Headless Ghosts of ‘The Dry’: Jerome AZ Mining Heydays

Papa Lozano’s father came to Jerome AZ in the early 1900’s from a village in Sonora, Mexico where he worked on the assembly line in a sewing machine factory. His boss regularly beat him for minor infractions. After his boss slit off a corner of his ear, Lozano ran away, came to Arizona and signed on as a mucker for the United Verde Copper Company, owned by Williams Andrews Clark.

Deep under the ground, six days a week, Papa Lozano stood ankle deep in an oozy muck and shoveled newly blasted ore into carts. The drilling and blasting around him would produce a layer of fine dust that slowly infected his lungs and caused pneumoconiosis.

Life was hard, but there was no anxiety. The bosses were strict but not cruel. They allowed the muckers an after shift shower on company time in the building on the 500-level that was known as ‘The Dry’.

After his shift, Lozano would trudge with 400 other miners out of the belly of the mountain, blackened with muck and dust and climb the steps of the building known as ‘The Dry’. He pissed shoulder-to-shoulder with his compadres in the long rows of urinals, set up like horse troughs along the building’s insides walls.

Photo by Bob Swanson (www.Swanson Images.com. The urinals in the Dry. The building has been razed.

Photo by Bob Swanson (www.Swanson Images.com. The urinals in The Dry.

He pulled off his steel toed boots, placed them in lockers, and stood shoulder to shoulder with his compadres under the long rods with the shower heads, still fully dressed, to rinse off the muck and the dust. He undressed and hitched his clothes to pulleys and hoisted them high up into the rafters to dry for the next day’s shift. Then he showered again, the steam smelling of sweat, urine and rock. Above, suspended clothing swayed slightly in the rafters, vaporous headless ghosts of the 400 men underneath.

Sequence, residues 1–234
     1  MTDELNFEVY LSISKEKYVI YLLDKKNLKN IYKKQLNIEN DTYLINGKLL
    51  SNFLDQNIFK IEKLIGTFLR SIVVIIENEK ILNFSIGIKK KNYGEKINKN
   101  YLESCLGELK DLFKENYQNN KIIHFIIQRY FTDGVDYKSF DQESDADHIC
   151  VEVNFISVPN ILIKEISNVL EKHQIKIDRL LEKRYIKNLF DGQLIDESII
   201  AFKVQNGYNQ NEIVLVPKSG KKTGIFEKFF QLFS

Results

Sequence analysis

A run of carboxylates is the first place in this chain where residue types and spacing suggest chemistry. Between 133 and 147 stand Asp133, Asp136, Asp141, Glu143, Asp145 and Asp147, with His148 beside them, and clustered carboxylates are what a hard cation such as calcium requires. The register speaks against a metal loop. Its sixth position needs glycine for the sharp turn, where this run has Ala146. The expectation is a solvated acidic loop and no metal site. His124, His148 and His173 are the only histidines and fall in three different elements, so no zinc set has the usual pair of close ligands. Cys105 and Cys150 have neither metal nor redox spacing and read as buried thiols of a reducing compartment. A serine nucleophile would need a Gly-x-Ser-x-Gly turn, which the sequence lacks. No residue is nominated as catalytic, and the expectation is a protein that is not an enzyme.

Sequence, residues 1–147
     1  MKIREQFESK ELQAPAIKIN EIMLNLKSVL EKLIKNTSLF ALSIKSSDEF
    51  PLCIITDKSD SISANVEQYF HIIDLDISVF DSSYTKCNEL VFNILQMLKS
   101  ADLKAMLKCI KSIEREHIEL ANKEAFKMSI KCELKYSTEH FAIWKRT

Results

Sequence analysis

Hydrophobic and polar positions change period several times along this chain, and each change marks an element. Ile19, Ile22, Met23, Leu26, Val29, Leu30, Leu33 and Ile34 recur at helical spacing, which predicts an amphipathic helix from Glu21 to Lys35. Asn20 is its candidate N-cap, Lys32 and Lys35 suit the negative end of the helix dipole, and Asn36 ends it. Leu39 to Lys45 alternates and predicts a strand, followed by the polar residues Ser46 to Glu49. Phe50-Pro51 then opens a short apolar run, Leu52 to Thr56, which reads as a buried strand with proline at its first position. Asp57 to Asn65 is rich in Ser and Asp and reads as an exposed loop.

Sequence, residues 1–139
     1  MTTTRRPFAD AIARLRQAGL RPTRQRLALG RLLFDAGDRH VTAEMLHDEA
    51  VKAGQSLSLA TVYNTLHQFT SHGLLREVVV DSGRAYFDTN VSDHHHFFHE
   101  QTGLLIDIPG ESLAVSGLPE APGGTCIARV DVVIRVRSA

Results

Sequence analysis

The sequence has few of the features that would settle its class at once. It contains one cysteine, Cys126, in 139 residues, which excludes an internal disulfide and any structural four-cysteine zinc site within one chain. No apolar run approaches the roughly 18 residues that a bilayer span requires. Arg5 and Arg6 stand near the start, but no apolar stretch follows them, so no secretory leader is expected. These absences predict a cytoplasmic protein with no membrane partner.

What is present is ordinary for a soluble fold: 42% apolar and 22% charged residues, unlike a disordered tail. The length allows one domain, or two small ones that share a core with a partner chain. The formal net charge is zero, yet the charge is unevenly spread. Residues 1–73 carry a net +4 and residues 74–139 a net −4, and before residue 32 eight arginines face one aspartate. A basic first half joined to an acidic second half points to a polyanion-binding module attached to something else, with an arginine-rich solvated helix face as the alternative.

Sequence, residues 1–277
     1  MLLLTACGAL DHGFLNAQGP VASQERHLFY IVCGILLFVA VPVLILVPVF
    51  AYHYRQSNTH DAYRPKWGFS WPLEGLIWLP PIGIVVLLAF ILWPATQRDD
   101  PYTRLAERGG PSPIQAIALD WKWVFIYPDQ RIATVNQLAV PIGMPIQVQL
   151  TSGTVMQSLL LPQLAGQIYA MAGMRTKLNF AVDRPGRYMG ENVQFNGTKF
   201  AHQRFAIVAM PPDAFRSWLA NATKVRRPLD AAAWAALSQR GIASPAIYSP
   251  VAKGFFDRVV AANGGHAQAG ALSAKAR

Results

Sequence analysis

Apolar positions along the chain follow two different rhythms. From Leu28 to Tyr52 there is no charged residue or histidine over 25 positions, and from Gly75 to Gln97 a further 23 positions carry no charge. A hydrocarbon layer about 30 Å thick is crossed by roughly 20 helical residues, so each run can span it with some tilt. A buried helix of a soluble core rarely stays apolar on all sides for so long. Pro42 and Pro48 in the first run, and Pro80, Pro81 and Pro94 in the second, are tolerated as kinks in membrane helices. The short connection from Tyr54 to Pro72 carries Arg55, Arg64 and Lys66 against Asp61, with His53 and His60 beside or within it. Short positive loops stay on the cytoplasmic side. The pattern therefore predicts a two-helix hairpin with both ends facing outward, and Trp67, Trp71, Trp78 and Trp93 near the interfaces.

Photos of the Dry by Bob Swanson (www.SwansonImages.com).

Photos of ‘The Dry’ by Bob Swanson (www.SwansonImages.com).

Lozano was paid $2.00 a day for a 12-hour shift.

Perhaps only in comparison could you say that a life like that was sweeter or better.

(Diane Rapaport interviews with Papa Lozano and Andy Peterson (1981-1991)


Headless Ghosts of ‘The Dry’: Jerome AZ Mining Heydays — 1 Comment

  1. miss diane r, I have lost track of you and walter but intermittent updates from Dolores ashkar. I intend tha tlife in your world is treating you swimmingly as it should. I have in the last year developed a crazy fascination about the neighborhood of homes – about 44 I think – at the 500 level and have faced abject absence of info and photos about that area, the lives of the people, EERYTHING. when I sneak out there I can almost hear the life happening – I have checked with the douglas mansion folks sand the histo soc – one image only from the latter – Roberto rabago knows almost nothing but has tried to be helpful. do you have a suggestion? do you know anything about them other than that they were geologists and engineers? can you imagine that i have just celebrated my 21st anniversary here? I take very much to heart my stewardship of my home and my property – surely a blessing in my life. many thanks for whatever assistance you may offer and blessings to you and walter, andrea prince at tsh

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